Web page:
German Air Projects 1935–1945, Fighters
“In my opinion the importance of German aircraft projects is not their apparent excellence, but the fact that each of them has some elements that prove the enormous imagination and creativity of their designers.”
The word “project” here refers to apparatus that never went beyond the project stage, i.e. remained unbuilt. As Ryś is quick to remind the reader, Germany is not the only country to have engaged in advanced studies but German WW II-era projects seem to monopolize, at least these days, the imaginations of writers (or marketers). He is also quick to point out that too often an undue “halo” effect is ascribed to German inventiveness, so much so that it interferes with an objective reading of history. His book/s intend to realign reality and interpretation, and while Ryś is clearly cognizant of the merits of the projects he discusses here he also says that “some will [even] raise doubts as to the mental state of their designers!”
So as not to repeat ourselves we direct the reader to our review of the last book in this series of four to understand their scope and approach and will here only say that these books are supremely useful to the aviation historian and, being published by Mushroom Model Publications, to the modeler.
The 2013 review of vol. 4 said some of the earlier volumes, published as long as a decade earlier, were getting hard to find. No sooner had the ink on that sentence dried that the present volume came out—and it turns out to be a re-issue of vols. 1 (ISBN 839163275X) and 2 (ISBN 8389450070) now combined, revised/expanded, hard-bound, and at a larger size! A positive development on all fronts!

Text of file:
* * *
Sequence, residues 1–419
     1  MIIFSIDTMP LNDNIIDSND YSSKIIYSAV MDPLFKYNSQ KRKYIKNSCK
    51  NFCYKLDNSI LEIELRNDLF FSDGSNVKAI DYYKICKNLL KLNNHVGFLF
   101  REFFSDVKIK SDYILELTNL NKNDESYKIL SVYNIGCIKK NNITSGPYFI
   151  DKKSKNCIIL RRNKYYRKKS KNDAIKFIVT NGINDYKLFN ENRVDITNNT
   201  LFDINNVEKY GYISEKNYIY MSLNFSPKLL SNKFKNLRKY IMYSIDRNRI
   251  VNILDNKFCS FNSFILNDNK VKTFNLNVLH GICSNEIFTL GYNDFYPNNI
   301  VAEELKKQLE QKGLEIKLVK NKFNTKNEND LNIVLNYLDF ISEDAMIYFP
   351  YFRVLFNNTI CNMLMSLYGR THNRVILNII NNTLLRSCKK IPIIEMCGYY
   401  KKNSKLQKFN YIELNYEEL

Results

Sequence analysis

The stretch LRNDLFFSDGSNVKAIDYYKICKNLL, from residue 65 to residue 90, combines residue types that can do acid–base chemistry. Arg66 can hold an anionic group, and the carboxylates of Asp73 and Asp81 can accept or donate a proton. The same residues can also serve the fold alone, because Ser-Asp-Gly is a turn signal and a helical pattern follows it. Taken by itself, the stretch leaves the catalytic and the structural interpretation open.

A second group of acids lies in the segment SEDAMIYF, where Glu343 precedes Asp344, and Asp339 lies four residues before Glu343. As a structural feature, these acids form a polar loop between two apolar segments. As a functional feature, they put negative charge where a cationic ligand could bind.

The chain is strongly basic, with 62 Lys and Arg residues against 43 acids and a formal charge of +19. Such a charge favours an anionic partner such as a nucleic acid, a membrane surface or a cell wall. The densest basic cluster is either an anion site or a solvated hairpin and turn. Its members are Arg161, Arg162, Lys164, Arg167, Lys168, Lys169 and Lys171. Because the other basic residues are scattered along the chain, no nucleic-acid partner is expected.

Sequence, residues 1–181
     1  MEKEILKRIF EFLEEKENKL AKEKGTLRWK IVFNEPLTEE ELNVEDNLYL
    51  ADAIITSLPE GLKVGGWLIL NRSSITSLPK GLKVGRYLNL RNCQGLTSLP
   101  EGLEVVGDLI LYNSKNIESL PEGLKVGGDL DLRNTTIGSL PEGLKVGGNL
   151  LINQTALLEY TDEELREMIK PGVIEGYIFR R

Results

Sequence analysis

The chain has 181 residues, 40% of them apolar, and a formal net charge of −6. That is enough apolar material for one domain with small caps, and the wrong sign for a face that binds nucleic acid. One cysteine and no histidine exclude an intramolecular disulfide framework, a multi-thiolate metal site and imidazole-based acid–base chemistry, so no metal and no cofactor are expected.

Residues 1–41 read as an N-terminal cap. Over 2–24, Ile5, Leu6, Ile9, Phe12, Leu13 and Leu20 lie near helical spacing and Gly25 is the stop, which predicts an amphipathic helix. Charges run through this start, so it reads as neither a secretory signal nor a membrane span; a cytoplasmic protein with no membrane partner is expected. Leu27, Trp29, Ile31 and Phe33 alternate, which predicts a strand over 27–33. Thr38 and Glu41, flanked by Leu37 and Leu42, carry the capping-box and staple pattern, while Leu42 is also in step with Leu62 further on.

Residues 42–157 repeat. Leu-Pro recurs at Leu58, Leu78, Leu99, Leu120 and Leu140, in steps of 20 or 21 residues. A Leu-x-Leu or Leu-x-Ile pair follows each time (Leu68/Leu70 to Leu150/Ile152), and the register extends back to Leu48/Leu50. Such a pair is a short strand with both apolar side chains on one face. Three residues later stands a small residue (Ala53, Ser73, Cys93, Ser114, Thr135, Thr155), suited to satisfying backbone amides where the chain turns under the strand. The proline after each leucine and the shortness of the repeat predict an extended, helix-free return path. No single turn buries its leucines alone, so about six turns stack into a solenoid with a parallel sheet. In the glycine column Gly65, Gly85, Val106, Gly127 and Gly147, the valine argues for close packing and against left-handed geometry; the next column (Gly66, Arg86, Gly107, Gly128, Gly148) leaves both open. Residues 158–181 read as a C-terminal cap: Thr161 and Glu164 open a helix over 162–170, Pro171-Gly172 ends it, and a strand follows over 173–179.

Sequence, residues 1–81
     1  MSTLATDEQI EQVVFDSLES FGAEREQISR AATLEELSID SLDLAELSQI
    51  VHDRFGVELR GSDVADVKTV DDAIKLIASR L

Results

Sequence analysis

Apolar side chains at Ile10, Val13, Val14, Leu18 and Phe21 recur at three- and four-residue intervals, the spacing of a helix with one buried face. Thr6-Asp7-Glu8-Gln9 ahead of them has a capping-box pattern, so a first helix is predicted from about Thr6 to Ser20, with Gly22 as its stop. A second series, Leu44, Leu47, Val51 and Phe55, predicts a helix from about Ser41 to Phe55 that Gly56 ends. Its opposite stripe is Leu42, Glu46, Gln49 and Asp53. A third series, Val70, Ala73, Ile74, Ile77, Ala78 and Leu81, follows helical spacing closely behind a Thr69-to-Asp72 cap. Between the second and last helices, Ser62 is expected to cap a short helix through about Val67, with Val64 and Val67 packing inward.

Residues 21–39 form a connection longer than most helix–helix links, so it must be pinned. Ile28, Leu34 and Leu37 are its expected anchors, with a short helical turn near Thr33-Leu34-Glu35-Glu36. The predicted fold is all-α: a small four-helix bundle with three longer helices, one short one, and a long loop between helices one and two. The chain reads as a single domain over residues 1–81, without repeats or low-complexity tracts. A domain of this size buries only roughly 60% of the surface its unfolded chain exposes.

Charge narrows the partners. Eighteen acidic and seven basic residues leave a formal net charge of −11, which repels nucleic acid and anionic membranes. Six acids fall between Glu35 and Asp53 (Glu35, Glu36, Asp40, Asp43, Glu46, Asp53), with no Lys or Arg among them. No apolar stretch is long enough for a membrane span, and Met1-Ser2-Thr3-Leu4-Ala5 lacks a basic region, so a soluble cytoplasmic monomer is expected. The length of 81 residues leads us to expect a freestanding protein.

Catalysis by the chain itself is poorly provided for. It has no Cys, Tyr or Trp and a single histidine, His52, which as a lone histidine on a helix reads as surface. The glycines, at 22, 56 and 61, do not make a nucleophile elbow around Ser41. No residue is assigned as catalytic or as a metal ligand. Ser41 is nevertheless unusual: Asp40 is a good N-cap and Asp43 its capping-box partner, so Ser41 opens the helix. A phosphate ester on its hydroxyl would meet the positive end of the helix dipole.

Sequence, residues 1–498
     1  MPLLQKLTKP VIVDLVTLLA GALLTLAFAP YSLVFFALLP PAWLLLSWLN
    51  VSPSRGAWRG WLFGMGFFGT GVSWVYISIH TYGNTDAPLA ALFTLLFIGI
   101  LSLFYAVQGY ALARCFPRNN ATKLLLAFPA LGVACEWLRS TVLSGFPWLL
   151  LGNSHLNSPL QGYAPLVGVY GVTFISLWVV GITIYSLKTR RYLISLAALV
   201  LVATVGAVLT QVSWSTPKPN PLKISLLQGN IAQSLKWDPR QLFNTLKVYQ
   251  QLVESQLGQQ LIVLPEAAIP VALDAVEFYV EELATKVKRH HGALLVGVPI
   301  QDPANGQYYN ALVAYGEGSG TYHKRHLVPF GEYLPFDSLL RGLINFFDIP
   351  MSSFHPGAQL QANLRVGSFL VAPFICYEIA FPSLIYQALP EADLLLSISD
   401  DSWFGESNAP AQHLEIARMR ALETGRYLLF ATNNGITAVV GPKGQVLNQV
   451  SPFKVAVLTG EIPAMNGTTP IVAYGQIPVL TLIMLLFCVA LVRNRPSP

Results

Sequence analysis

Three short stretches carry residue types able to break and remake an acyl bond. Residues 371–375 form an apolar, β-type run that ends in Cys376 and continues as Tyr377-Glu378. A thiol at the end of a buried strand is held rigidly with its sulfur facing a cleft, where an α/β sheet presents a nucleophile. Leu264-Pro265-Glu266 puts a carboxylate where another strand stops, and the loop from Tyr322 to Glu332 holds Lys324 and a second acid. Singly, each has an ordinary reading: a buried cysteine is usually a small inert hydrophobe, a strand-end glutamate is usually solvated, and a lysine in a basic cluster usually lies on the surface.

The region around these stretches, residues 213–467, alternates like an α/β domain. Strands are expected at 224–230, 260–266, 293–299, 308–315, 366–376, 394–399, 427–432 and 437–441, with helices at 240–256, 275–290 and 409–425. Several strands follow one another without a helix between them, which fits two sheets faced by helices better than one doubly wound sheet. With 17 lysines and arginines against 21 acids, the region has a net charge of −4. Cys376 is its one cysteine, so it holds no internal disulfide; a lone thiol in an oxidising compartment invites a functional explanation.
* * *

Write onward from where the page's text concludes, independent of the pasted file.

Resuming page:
This book presents projects by the firms Arado, Bachem, Blohm & Voss, BMW, Daimler Benz, Dornier, Fieseler, Focke-Wulf, Gotha, Heinkel, Henschel, Horten, Junkers, Lippisch, and Messerschmitt. A 1-page closing “chapter” mentions a handful of very small makers, with Ryś commenting wryly, “It is hard to tell what their efficiency would be, but the very fact that these raised interest at the RLM demonstrates the state of the Luftwaffe at the end of the war.” Desperate times, in other words.
While some of the machinery here looks deceptively “normal” and clearly related to fleet aircraft, there is some real science fiction stuff on display as well. Drawings, both technical (three-views, profiles) and illustrative (full-color action scenes mostly new for this book by half a dozen different illustrators), take the place of photos. The text is packed with detail and specs and rewards unwavering attention with important insights. Basic dimensions and performance projections are given for each project in the form of tables.
Copyright 2014, Sabu Advani (speedreaders.info).